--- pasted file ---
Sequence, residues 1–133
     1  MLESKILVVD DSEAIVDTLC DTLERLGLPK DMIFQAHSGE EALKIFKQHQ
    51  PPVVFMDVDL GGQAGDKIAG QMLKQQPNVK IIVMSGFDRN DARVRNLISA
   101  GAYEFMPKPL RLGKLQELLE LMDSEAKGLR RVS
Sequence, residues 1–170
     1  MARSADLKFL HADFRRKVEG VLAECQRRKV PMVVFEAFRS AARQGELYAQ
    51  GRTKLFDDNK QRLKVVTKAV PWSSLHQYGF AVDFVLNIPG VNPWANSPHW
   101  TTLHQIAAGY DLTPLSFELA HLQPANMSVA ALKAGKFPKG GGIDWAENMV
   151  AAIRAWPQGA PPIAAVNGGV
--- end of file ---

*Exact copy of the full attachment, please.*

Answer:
Sequence, residues 1–133
     1  MLESKILVVD DSEAIVDTLC DTLERLGLPK DMIFQAHSGE EALKIFKQHQ
    51  PPVVFMDVDL GGQAGDKIAG QMLKQQPNVK IIVMSGFDRN DARVRNLISA
   101  GAYEFMPKPL RLGKLQELLE LMDSEAKGLR RVS
Sequence, residues 1–170
     1  MARSADLKFL HADFRRKVEG VLAECQRRKV PMVVFEAFRS AARQGELYAQ
    51  GRTKLFDDNK QRLKVVTKAV PWSSLHQYGF AVDFVLNIPG VNPWANSPHW
   101  TTLHQIAAGY DLTPLSFELA HLQPANMSVA ALKAGKFPKG GGIDWAENMV
   151  AAIRAWPQGA PPIAAVNGGV